NU Professor Discusses Mating Habits on National Television
By DAVID PETERSON
August 7, 2009
Filed under Uncategorized
National University’s own Dr. Michael Maxwell recently appeared on Animal Planet’s new show, Ms. Adventure, to discuss the strange mating habits of praying mantises.
Last November Ms. Adventure and her crew traveled to San Diego to meet with Dr. Maxwell, who has a Ph.D. in animal behavior and teaches many different science classes at National. They spent two days filming in a canyon at the Los Peñasquitos Reserve, and while there set up several pairs of male and female mantises in order to capture their bizarre mating ritual.
“They filmed me talking about the mantises and filmed males and females” said Dr. Maxwell. “It is more of a show for families and kids, so I had to keep editing myself. I had to keep saying ‘mating’ instead of ‘copulating’.”
But what is so weird about these mantises mating habits? About 20-25 percent of the time, according to Dr. Maxwell, the female will attack the male at some point. She then chews off his head, but his headless body still tries to mate with her, sometimes for up to 24 hours.
How is this possible? Dr. Maxwell explained that mantises have nerve bundles that will continue to function for hours after the head has been removed. “Basically the key is as long as the male’s body doesn’t dry out the nerve bundles will continue for up to 24 hours. Nerve clusters control his legs and sexual organs, so basically he’s like a headless zombie that can still copulate” Dr. Maxwell has personally witnessed in nature and in cages a headless male mating with a female, then returned the next day and found the mantises still mating.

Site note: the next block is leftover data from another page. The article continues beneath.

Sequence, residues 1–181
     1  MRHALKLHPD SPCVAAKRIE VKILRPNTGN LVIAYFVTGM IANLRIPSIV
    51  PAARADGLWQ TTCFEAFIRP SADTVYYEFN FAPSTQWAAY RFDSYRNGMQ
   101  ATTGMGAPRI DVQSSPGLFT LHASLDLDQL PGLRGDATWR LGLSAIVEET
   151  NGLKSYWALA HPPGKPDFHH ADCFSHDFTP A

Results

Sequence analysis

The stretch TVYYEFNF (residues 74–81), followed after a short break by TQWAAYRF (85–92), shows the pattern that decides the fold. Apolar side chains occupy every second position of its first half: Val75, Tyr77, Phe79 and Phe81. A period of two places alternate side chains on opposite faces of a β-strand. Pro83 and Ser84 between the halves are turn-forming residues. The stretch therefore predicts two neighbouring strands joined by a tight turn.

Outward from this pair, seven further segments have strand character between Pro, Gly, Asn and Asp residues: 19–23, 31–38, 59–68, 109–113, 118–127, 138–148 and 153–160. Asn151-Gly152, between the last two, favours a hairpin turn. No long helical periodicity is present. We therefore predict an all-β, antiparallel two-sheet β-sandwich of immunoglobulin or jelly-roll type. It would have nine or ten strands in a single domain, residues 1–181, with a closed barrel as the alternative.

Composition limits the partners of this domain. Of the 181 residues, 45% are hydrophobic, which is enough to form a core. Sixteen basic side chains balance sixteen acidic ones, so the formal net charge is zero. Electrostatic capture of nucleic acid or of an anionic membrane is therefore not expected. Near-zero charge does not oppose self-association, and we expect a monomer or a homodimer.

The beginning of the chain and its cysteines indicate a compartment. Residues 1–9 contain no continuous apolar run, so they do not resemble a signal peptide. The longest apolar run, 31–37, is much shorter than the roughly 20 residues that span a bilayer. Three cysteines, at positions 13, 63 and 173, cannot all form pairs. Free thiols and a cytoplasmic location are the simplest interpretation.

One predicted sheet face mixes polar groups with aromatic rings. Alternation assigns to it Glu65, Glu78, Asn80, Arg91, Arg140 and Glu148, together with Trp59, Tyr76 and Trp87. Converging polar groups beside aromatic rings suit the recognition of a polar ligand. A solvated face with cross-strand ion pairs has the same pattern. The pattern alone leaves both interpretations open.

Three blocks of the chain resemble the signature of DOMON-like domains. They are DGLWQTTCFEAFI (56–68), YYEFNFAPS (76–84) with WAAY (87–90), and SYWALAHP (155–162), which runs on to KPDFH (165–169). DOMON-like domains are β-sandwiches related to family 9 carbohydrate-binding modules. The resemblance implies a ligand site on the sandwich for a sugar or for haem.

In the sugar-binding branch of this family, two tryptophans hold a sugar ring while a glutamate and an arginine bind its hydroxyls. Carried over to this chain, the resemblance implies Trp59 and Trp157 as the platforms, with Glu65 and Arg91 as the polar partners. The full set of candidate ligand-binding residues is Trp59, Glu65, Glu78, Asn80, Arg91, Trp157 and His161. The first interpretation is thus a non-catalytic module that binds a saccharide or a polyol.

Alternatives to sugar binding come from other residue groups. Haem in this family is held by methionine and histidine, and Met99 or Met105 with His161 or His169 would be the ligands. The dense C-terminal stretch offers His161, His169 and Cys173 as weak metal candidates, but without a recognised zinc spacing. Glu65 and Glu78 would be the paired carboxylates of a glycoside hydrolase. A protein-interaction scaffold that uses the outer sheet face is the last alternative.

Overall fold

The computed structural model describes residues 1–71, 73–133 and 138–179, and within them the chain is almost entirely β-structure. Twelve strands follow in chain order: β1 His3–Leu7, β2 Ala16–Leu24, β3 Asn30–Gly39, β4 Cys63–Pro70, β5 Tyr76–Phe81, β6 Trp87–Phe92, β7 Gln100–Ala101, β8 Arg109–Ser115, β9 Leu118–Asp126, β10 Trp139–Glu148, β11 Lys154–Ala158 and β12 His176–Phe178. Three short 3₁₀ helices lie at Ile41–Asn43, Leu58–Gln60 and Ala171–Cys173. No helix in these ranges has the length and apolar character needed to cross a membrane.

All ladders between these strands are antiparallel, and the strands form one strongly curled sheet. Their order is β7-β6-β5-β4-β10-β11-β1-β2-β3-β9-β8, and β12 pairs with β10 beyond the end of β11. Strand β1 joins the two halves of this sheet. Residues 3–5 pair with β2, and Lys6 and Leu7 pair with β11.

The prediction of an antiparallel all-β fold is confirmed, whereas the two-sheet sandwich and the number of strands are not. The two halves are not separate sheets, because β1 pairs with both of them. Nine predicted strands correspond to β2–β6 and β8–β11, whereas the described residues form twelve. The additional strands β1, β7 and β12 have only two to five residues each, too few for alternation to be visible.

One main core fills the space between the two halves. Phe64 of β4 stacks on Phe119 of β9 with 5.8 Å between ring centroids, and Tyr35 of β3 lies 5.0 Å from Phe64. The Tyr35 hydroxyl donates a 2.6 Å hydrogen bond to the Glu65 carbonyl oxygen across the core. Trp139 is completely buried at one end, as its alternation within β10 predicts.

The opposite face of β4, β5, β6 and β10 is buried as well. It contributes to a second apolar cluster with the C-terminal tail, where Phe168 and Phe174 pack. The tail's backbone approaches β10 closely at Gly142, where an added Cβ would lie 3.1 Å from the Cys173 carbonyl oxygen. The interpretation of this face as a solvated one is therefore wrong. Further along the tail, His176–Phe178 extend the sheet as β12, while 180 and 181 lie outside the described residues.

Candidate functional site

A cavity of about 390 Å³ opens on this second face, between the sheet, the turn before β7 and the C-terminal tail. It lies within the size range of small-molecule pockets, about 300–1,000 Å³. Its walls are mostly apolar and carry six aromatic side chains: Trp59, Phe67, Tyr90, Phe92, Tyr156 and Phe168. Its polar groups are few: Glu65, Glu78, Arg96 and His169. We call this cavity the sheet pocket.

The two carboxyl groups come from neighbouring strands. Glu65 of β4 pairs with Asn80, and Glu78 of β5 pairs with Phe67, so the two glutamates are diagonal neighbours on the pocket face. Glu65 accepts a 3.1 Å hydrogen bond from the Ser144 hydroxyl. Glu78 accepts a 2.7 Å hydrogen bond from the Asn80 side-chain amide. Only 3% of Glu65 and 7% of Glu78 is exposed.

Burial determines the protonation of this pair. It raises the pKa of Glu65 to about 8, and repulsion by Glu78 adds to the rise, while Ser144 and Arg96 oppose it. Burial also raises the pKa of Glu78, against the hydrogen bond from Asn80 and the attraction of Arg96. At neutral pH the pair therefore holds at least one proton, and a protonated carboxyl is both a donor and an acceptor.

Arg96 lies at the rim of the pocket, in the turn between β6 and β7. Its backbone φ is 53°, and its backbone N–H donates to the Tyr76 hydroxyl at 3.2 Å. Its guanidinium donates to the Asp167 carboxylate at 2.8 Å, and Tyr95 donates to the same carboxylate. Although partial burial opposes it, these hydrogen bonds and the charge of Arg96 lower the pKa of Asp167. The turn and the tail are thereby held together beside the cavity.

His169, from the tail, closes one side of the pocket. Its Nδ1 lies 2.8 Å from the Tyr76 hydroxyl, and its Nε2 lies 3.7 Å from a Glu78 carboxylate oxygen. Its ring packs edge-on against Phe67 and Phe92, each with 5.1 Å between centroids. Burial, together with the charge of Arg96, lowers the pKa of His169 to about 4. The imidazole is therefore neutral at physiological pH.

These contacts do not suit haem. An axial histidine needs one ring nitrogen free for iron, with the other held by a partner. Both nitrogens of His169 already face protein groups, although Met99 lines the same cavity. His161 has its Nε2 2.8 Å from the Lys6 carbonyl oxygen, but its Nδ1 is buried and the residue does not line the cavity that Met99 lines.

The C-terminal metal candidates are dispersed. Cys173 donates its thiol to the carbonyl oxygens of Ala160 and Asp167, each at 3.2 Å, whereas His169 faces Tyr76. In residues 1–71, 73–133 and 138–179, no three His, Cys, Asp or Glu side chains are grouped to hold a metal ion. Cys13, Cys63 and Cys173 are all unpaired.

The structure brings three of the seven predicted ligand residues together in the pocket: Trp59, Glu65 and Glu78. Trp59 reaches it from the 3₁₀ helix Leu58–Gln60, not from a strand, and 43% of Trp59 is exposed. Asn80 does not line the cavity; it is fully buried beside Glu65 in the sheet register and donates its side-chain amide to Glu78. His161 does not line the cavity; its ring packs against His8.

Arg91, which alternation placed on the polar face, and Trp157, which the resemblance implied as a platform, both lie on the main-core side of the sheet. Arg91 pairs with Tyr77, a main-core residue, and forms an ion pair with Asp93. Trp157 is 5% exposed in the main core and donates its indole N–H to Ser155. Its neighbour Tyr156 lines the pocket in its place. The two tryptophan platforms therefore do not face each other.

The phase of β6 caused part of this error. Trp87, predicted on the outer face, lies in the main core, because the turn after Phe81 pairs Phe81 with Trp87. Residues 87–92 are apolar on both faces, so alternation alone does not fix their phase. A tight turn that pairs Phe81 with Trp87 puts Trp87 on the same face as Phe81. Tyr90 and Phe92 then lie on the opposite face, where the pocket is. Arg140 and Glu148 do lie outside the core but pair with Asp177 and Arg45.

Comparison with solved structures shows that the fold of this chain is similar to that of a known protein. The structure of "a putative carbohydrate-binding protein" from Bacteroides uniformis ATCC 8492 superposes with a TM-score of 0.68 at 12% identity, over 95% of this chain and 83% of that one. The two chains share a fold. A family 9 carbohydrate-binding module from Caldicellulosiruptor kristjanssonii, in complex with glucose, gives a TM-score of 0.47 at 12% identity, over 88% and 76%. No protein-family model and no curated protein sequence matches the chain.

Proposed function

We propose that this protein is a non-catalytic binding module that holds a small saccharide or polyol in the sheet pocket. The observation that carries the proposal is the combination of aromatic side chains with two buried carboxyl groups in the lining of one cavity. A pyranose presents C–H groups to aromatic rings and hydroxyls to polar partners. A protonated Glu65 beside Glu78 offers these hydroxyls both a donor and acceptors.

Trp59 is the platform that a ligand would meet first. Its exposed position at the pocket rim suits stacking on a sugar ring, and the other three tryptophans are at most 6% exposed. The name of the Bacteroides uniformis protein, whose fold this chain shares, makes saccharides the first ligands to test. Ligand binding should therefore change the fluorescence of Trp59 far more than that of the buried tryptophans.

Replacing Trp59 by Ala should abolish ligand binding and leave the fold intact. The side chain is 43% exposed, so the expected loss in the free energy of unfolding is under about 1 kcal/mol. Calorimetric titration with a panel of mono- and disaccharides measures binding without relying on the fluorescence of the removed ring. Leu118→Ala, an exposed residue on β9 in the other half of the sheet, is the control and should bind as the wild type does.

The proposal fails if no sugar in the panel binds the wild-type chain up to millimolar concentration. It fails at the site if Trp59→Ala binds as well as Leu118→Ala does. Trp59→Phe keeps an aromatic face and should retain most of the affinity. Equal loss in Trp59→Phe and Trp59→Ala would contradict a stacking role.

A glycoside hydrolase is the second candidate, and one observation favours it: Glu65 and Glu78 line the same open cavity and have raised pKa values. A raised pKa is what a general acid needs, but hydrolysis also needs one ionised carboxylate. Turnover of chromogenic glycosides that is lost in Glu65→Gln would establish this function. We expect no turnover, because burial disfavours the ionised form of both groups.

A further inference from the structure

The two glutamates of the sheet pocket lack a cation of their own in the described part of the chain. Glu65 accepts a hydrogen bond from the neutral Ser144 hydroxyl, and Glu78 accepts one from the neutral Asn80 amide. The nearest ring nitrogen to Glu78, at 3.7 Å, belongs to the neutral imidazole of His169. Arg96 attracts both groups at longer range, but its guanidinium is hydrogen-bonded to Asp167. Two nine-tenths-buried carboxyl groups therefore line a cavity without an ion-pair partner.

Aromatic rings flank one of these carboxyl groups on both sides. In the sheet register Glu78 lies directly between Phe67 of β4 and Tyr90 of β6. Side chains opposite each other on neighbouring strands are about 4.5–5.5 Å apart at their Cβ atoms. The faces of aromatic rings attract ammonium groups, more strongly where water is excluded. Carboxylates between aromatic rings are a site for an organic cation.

Until recently, even during the ’80s and ’90s, some believed that this odd behavior occurred 100 percent of the time when mantises mated. “They thought that the female would chew off his [the male's] head to release his sexual behavior, and they weaved a bizarre semi-true scenario around the mantis where the female didn’t occasionally attack the male but that she always did so in order to be able to mate,” said Dr. Maxwell. In nature, the male is able to mate with and then escape the female about 4 out of 5 times.
Dr. Maxwell did say that there are over 2,000 species of mantis in the world, and only about 40 or so have been studied extensively. “In about 75 percent of the species we have seen there is cannibalism,” said Dr. Maxwell. The reason so few of these 2,000 species have been studied, explained Dr. Maxwell, is that so many species of mantis live in jungles or other tropics. “There’s all these fascinating species in the tropics that people haven’t spent time researching because of the difficulty of getting to them.”